The HWS Fall Concert Series kicked off on Wednesday, Sept. 10, opening its full, varied repertoire to the Colleges’ campus. This year’s concerts include everything from a guitar weekend to Indian tabla to a special chorale performance. With something for every taste and genre, the series is sure to have a concert or two that’ll make you call for an encore.
On Wednesday, Sept. 10 at 8 p.m. in the Geneva Room, the series got underway with one of the most prominent, exciting and active emerging chamber music groups in the country: the Manhattan Piano Trio. Comprised of pianist Milana Bahl, violinist Dmitry Lukin and cellist Dmitry Kouzov, the Trio has given more than 250 performances in 28 states and is the grand prize winner of the 2006 Plowman Chamber Music Competition and 2007 Yellow Springs Music Competition, and runner up at the 2006 Chesapeake International Chamber Music Competition.
From chamber to jazz fusion, the series moves into several days full of performances by some of the most talented guitarists in upstate New York with the HWS Guitar Weekend from Thursday, Sept. 18 to Sunday, Sept. 21. Throughout the weekend, HWS community members can watch performances by guitarists Rick Balestra, Bob Sneider and HWS applied instructors Kenneth Meyer and Greg Wachala. All guitarists, whether jazz or classical, are active players and educators and have received distinguished awards or recognition for their musicianship. Meyer will perform a classical guitar recital at 8 p.m. on Sunday, Sept. 21 in St. John’s Chapel.
Exploring the complexities of chamber music further, the ETA3 Chamber Ensemble will perform at 8 p.m. on Wednesday, Oct. 22 in the Geneva Room. One of the newest exciting chamber music groups coming out of New York City, ETA3 was formed by Flutist Emily Thomas, Clarinetist Alexey Gorokholinsky and Pianist Tomoko Nakayama at The Juilliard School during the spring of 2006. The trio strives to communicate the intellectual and emotional elements of life by broadening the audience’s perspective through a varied range of repertoire. The trio was recognized by Juilliard as one of three prominent emerging chamber music groups of 2006, leading to their Alice Tully Hall debut.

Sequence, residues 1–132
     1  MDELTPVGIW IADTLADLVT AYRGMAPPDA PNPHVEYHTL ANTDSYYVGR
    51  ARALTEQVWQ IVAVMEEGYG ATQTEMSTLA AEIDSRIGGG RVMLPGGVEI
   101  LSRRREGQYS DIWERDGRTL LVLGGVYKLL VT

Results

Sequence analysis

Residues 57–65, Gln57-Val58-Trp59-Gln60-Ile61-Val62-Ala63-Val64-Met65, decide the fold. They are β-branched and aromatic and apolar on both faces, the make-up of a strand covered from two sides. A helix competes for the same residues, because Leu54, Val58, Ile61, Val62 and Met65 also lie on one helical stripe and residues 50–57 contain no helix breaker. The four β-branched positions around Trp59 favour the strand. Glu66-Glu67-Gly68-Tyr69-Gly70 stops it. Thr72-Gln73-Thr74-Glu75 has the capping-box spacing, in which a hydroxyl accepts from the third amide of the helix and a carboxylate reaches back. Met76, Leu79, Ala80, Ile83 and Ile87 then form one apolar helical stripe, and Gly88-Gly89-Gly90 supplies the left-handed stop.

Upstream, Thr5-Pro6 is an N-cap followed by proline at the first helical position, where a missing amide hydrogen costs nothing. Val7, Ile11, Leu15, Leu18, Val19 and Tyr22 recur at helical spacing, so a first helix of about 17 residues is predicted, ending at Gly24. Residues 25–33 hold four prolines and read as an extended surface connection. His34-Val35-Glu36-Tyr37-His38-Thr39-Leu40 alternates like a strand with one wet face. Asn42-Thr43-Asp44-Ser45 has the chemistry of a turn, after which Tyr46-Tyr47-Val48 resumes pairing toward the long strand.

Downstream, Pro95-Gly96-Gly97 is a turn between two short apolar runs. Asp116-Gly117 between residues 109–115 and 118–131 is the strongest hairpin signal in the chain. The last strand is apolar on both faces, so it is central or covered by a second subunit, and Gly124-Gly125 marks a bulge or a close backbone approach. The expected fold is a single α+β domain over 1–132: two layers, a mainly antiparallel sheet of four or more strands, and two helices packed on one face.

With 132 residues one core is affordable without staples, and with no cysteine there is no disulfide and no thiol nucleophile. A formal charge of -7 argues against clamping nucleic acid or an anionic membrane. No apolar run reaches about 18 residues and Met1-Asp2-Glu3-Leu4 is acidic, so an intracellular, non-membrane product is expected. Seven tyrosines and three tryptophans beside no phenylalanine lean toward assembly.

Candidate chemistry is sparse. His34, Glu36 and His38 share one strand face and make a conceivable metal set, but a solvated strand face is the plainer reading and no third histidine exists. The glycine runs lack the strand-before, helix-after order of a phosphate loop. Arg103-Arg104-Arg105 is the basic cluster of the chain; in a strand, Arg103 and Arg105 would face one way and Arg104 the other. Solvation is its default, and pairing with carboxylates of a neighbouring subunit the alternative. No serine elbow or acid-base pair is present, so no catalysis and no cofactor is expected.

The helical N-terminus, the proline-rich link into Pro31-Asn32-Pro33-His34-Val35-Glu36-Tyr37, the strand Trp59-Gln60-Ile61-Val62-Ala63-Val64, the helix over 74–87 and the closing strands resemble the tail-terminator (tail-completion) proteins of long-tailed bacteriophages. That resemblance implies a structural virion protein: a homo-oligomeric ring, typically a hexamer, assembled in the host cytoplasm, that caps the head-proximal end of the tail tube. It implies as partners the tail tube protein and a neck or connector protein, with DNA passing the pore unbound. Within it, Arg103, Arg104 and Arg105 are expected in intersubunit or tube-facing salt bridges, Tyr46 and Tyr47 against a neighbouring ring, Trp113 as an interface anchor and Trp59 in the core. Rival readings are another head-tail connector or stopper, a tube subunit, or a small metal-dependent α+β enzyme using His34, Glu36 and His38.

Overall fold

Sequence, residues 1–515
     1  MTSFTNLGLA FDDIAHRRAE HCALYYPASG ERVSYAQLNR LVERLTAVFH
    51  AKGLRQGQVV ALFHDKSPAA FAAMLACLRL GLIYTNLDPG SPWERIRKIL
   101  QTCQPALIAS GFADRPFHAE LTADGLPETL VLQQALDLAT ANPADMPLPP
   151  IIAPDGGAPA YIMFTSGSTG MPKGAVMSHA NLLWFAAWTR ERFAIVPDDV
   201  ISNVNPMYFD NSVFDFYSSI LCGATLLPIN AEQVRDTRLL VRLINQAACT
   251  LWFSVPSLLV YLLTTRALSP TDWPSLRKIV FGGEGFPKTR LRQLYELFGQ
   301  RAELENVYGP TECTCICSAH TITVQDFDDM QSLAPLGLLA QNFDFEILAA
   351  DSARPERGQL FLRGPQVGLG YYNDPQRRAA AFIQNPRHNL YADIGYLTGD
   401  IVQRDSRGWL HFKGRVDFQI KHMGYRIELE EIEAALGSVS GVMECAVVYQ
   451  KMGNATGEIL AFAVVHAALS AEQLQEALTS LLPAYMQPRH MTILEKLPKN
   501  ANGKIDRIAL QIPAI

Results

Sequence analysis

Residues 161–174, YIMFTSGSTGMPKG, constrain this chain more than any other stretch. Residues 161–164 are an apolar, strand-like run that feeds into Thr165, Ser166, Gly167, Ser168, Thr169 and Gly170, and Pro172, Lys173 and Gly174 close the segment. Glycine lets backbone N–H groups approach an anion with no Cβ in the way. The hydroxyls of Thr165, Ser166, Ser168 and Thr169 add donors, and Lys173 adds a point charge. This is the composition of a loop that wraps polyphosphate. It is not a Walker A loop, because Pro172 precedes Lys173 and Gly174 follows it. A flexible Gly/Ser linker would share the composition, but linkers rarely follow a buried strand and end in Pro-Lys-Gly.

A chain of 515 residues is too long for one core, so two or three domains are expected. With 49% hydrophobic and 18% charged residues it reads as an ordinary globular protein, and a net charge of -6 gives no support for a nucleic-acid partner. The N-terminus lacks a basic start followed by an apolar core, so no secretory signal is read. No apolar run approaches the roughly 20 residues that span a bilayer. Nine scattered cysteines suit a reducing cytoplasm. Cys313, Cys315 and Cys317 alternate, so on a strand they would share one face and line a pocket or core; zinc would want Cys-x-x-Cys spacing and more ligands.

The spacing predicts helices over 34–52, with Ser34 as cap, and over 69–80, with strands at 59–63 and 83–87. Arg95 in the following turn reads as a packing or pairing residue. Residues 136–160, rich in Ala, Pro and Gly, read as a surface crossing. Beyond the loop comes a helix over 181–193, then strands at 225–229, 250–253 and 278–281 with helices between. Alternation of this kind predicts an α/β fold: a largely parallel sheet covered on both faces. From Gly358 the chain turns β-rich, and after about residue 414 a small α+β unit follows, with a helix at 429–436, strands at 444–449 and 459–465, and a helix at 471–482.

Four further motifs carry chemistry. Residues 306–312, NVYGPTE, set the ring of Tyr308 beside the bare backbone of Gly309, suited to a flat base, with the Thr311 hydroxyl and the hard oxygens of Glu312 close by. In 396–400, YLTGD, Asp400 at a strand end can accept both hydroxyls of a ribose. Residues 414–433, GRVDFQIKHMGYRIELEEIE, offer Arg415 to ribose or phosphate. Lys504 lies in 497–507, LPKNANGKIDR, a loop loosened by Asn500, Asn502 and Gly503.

On Saturday, Oct. 25 at 8 p.m. in the Smith Opera House, community members can enjoy a special collaborative performance by the Colleges Chorale and the Syracuse Vocal Ensemble (SVE), titled “A Massive Undertaking-Masses by Persichetti, Hovland and Martin.” With the combined presence of SVE’s excellent choral programming and performance and Chorale’s vocal talent and experience, this performance is one that no one will want to miss!
From SVE and Chorale’s all-star performance of Western music, the Concert Series travels into the Eastern side of its repertoire with Sandip Burman’s performance, Indian Tabla, at 8 p.m. on Tuesday, Nov. 11 in the Coxe 8. A native of Durgapur, India, Burman is an accomplished tabla player whose performances are marked with spontaneous innovation and tonal purity even when delivering complex rhythmic patterns at dazzling speeds. He has performed across the United States, from the Kennedy Center to the House of Blues Chicago and has played with such musicians as Bela Fleck, Victor Bailey (Weather Report) and Jerry Goodman (Mahavishnu Orchestra).
Returning to the Western cannon, the Series ends with a classical performance by Pianist Kevin Moore, titled “Sonatas by Ludwig van Beethoven.” Moore is a professor of music at Onondaga Community College where he has taught since 1975. Throughout his life, he has studied piano with James Ball, Robert Goldsand, Anton Kuerti and Liselotte Schmidt and holds a B.M. degree from the Crane School of Music, an M.M. degree from the Manhattan School of Music, a Ph.D. from New York University and a J.D. degree (magna cum laude) from Syracuse University College of Law.
Ranging in its works from Norwegian to Indian, the Fall Concert Series travels the world and the musical gamut, offering HWS an all-star line-up.